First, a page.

A certain reflective mood is masterfully displayed on 'Drugsherpa', which was Staalplaat's very first official Muslimgauze release on mini-CD back in 1994, and which finds Jones in a less directly political mode. Twenty minutes long, the title track is a hypnotic, ever-shifting piece of noirish electronic music that sounds as fresh today as it did two decades ago. It's quite striking to detect the influence of this track on the great Shackleton (who has repeatedly declared himself a huge fan), and listening to 'Drugsherpa' just confirms, rather impressively, how far ahead of the game Jones really was during the mid 1990s. The rest of the tracks of this now expanded, hour-long album consist of remixes of other Muslimgauze material that was found on the same tape, and on which Jones re-contextualizes, dubs out, echoes, or simply extracts previously heard music and sounds. But the real highlight remains the title track, which slowly builds towards mind-bending momentum before fragmenting in gloriously shattering pieces.

The following appeared on Boomkat.

Oftentimes when a reissue has bonus tracks their provenance can be tangential or suspicious; in this case, they’re more like a homecoming. When Bryn Jones turned into the master for what would become 1994’s 'Drugsherpa' mini CD to once and future label Staalplaat, the label selected the twenty-minute title track, truly one of Muslimgauze’s most distinct and awe-inspiring tracks, to fill the release. The sinuous, doom-haunted “Drugsherpa” still sounds fresh today but in 1994 it was so far ahead of its time that the rest of us didn’t catch up until a decade or more later; only now does it really sound like it has contemporaries. It deserved its own space. But it wasn’t alone on that tape; and with the mini CD long since sold out, this reissue releases its siblings into the world for the first time. Unlike “Drugsherpa” itself, now restored to its original place as track three of the reissued 'Drugsherpa', the other six tracks on this now 56-minute album are all remixes of other Muslimgauze material. As usual for Jones those remixes take the songs in all sorts of directions, subtly or not; shorter, longer, backwards, dubbed out, less dubbed out, and so on. The result, as well as functioning as a kind of ad hoc compilation of material from several recent-at-the-time Muslimgauze releases (plus a remounting of “Gulfwar” from 1987’s 'Abu Nidal'), shows anew the infinite variety, multiplicity, and complexity of Jones’ work. But the darkly brooding “Drugsherpa” itself remains, justly, the center of attention here. Less directly political than much of Jones’ work, it builds up to an immense, slow groove until finally shaking itself to pieces in your ears by the end. Muslimgauze is always evocative, but with “Drugsherpa” Jones practically gives the listeners visions. He always intended these tracks to go together (as shown by the seamless segue into “Jerusalem Knife (Wail Mix)"), but in a way “Drugsherpa” is sui generis, even for Muslimgauze.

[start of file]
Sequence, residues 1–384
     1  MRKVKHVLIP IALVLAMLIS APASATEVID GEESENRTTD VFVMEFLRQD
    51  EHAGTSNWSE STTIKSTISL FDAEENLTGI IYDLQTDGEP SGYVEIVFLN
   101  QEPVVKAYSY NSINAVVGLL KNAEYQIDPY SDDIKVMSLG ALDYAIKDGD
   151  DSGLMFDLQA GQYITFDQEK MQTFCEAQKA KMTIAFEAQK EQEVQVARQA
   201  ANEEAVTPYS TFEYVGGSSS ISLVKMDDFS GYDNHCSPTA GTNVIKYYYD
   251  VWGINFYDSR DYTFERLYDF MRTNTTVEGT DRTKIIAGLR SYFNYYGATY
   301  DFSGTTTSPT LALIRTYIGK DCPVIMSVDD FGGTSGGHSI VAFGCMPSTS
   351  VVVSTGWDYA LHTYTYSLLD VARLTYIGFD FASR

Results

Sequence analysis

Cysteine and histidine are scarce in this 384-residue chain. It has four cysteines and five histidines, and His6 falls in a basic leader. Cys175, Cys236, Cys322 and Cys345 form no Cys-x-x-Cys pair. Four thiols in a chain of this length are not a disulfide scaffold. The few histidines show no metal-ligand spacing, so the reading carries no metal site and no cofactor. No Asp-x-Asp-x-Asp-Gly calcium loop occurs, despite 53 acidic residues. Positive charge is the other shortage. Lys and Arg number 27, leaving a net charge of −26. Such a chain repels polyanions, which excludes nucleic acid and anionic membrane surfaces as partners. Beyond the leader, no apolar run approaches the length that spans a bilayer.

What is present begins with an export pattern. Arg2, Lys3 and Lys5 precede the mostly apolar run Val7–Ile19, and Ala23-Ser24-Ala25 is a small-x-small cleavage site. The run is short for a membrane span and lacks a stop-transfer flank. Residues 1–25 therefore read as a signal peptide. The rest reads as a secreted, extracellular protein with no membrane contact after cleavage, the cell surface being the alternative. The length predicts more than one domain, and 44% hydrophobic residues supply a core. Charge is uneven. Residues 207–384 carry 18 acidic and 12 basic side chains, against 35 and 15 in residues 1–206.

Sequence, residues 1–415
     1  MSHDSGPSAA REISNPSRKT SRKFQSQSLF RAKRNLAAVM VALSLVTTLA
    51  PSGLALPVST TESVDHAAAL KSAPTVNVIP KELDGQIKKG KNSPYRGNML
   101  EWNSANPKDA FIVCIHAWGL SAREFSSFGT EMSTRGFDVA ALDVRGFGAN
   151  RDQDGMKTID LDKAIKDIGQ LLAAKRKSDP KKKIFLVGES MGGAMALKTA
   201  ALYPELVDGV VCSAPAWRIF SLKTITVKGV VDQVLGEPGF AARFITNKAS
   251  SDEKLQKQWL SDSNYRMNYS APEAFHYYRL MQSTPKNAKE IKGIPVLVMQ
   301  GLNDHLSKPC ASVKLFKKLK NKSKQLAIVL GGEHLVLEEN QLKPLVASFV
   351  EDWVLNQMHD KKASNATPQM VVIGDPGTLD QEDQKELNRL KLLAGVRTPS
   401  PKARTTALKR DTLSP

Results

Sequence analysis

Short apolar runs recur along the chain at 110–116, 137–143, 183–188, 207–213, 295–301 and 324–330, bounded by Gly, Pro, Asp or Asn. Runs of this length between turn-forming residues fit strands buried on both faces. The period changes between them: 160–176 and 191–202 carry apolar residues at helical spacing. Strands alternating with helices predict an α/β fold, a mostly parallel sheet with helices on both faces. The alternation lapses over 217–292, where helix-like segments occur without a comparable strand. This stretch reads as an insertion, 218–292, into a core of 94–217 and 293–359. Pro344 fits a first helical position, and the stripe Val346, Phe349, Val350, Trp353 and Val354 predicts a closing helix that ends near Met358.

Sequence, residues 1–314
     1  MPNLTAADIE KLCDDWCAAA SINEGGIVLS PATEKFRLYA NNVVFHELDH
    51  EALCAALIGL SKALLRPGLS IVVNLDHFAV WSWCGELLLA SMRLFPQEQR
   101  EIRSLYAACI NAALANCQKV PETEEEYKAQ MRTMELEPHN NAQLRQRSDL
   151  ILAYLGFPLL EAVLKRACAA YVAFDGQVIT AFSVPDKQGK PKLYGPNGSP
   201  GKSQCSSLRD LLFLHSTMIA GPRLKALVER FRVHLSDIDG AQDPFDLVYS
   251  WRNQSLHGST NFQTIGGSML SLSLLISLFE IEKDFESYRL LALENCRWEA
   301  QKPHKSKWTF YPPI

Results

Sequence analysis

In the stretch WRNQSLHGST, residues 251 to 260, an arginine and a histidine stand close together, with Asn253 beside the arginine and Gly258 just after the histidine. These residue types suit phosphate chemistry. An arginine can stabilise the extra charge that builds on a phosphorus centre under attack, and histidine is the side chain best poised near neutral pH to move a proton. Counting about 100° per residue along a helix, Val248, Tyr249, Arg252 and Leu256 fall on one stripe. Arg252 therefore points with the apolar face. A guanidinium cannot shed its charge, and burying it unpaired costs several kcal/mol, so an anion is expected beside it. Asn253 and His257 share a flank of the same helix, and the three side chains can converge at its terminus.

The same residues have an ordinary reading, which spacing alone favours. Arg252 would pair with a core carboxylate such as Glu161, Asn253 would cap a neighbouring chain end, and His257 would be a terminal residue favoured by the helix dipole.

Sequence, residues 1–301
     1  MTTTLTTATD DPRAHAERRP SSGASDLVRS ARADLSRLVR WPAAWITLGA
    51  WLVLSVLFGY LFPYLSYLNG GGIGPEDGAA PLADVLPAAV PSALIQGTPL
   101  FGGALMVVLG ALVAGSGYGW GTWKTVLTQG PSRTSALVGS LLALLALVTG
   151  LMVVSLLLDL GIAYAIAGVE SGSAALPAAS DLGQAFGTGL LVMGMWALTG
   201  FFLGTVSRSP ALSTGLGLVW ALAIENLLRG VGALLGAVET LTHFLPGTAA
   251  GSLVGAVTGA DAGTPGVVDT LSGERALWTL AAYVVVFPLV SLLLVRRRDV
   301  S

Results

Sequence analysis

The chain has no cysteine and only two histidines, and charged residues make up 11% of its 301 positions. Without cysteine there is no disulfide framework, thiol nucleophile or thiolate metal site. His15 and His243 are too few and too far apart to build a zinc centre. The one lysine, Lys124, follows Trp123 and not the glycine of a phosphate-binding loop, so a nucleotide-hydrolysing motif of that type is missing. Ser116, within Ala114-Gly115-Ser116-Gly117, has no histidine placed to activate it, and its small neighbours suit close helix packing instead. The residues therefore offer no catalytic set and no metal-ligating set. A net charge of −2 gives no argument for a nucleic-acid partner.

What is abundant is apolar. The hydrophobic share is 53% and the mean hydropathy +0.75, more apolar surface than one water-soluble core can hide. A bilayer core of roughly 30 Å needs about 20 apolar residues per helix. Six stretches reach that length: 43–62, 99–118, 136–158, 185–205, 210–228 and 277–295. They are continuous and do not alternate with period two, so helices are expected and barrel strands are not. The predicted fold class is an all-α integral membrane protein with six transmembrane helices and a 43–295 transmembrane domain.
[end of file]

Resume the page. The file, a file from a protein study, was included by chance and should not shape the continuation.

Boomkat

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Press Release/Reviews Index Release Information Back Muslimgauze

January 9, 2017